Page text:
Our home is approximately 10 years old. Lately, I have had some concern about the cedar shake roofing. During a storm last spring, a number of shakes were either blown off or broken. These were replaced, but now I'm concerned about the overall condition of the roof.

How long should I expect a cedar shake roof to last? Should I now be looking for a new roof, or an inspection for reroofing? When a replacement is needed, can new roofing be installed over the existing roof or should the current roofing be removed? If a new roof is required, are there alternatives to the cedar shakes that would be long lasting? -- K.C.

A number of factors can determine the life of a cedar shake roof, such as weather conditions in your area and the quality of the original installation.

All too often, roof problems are discovered after leaking and other serious damage occurs. It is best to have a professional roofing contractor inspect the roof every two or three years to look for signs of aging and wear. Periodic inspections can often uncover such things as cracked, warped or missing shingles that can be repaired without a complete roofing.

However, when repairing the roof is only temporarily solving problems, you should seriously consider replacement.

There is a wide range of roofing materials, designs and colors available today. Consult with a professional roofing contractor for selecting the most suitable for your home and climate.

One of the most popular roofing materials is the asphalt shingle. Asphalt shingles are available in a wide range of traditional and modern colors and styles, including the popular earth-tone hues and three-dimensional designs that would be compatible with the cedar shake look.

Most of today's asphalt shingles are designed to provide satisfactory service for a period ranging from 15 years to 25 years. They require little maintenance and are fire and wind resistant.

It usually is possible to install a second roof over the existing roof, which will save you a good deal of inconvenience and trouble, as well as money.

However, it is not recommended to install a third roofing layer over existing roofing because of increased weight that can damage the overall structure.

We are in the process of remodeling our home by adding a master suite plus a family living area off a remodeled kitchen.

The additions have required some major changes in the roofline, and we are now working on the design of the exterior and contemplating the type of roofing material that would look best on our newly designed home.

I like the look of slate and would like to consider using it instead of shingles, which were used previously. I understand this should be long lasting. Are there any pros and cons concerning slate as a durable roofing? -- R.B.

The major drawback in using slate on an existing structure would be the added weight when compared with other roofing materials. You will need to inspect the structure of your existing home and the support of the roof to assure that it can withstand the added weight of slate. You may find that added support (involving some major reconstruction in both the existing and remodeled portions of your home) will be necessary to install the slate roof.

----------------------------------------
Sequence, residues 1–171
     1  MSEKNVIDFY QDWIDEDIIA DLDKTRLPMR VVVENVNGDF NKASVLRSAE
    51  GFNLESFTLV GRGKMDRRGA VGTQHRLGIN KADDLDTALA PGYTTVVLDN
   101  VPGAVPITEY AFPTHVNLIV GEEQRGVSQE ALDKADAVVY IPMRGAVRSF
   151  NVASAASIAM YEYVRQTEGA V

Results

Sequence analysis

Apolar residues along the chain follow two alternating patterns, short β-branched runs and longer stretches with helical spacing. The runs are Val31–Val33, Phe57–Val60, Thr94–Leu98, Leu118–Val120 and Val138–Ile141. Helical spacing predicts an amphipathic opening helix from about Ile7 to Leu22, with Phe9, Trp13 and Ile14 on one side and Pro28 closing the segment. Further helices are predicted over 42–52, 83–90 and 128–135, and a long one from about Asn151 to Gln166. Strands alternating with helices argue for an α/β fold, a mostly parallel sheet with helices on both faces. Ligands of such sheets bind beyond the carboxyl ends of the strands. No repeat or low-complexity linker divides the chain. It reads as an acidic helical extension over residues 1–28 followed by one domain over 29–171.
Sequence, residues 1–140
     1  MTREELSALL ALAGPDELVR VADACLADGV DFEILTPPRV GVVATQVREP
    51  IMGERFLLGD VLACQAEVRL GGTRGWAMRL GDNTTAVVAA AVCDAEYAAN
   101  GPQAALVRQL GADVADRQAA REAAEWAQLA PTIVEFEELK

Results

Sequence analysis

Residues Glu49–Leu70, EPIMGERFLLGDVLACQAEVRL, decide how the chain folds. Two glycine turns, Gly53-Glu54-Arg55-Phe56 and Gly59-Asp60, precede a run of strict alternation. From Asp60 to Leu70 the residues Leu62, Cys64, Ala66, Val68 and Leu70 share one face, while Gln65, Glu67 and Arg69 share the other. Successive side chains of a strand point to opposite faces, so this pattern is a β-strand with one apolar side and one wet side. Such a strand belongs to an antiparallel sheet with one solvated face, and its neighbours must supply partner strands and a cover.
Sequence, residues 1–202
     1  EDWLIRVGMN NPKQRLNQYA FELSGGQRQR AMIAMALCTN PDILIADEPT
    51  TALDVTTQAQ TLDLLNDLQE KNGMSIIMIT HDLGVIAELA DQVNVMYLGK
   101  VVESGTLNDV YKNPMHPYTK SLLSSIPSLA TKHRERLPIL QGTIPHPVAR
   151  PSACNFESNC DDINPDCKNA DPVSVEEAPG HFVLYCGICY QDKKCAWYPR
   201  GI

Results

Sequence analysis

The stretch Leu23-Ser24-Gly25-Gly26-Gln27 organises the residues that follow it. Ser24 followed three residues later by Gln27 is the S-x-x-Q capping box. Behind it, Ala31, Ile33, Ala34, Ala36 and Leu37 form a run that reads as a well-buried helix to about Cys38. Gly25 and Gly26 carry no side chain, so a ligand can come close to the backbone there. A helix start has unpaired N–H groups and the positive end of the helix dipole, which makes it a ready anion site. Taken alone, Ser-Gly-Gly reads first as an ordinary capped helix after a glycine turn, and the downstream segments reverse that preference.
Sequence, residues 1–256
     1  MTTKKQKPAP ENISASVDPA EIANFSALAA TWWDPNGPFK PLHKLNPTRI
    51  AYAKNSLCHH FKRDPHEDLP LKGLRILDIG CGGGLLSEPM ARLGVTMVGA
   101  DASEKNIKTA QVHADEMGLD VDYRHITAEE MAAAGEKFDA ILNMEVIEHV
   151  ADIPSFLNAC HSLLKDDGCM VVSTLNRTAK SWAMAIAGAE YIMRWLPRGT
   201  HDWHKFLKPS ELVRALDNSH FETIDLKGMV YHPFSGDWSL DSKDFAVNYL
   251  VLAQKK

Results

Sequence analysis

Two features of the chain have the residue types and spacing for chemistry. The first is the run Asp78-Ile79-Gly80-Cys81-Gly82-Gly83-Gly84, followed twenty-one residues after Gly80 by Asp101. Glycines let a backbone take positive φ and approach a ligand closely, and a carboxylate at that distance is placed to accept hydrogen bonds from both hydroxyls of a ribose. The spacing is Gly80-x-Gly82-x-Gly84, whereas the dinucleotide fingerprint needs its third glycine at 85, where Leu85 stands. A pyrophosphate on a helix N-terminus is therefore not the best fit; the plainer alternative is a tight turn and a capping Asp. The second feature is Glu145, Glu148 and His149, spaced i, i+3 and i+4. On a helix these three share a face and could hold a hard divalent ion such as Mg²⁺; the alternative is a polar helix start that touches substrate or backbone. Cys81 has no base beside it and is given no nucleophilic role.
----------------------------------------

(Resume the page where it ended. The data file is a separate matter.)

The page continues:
Contact a qualified roofing contractor for an expert opinion. Other than the problem of weight and the added expense of slate, this material will give you many added years of service compared with most other commonly used materials.

I have a suggestion regarding the removal of bathtub flower adhesive, which you recently dealt with in your column. This problem is common when trying to remove old contact or pressure-sensitive adhesives.

First and foremost is safety. Never use a heat gun in the presence of flammable solvents. Explosion and fire might occur. The heat gun may assist in removal of the flowers, but not the adhesive.

Several techniques are effective. First, try paper towels or pieces of rag dampened with isopropyl alcohol. Lay them over the adhesive and cover them with plastic film to prevent drying. After the adhesive is softened, pick it up with strips of masking tape. A 50-50 mixture of xylene and isopropyl alcohol finishes cleanup. Alcohol mixed with solvent reduces smearing often created when using a solvent alone. -- W.H.C.

The removal of adhesive products and the residue left is a continuing problem among consumers.

I have often recommended using a heat source, such as hair dryer (not a heat gun), to help soften the adhesive for removal of such products as bathtub adhesive decorations.

Following this procedure, the residue left from the adhesive must also be removed. Unfortunately, adhesives vary and so do the solvents that are effective in their removal.

Various solvents that I have recommended for testing on adhesives have included lacquer thinner, MEK (methyl ethyl keytone) rubber cement solvent, 34X and naphtha.

For residue left from sticky labels, we have also recommended amyl acetate (banana oil), which is also the same as fingernail polish remover, and some of our readers have recommended Spray & Wash.

I am happy to pass along W.H.C.'s suggestion as another method of attacking this frustrating and difficult problem.

Send inquiries to Here's How, Copley News Service, P.O. Box 190, San Diego, Calif. 92112-0190. Only questions of general interest can be answered in the column.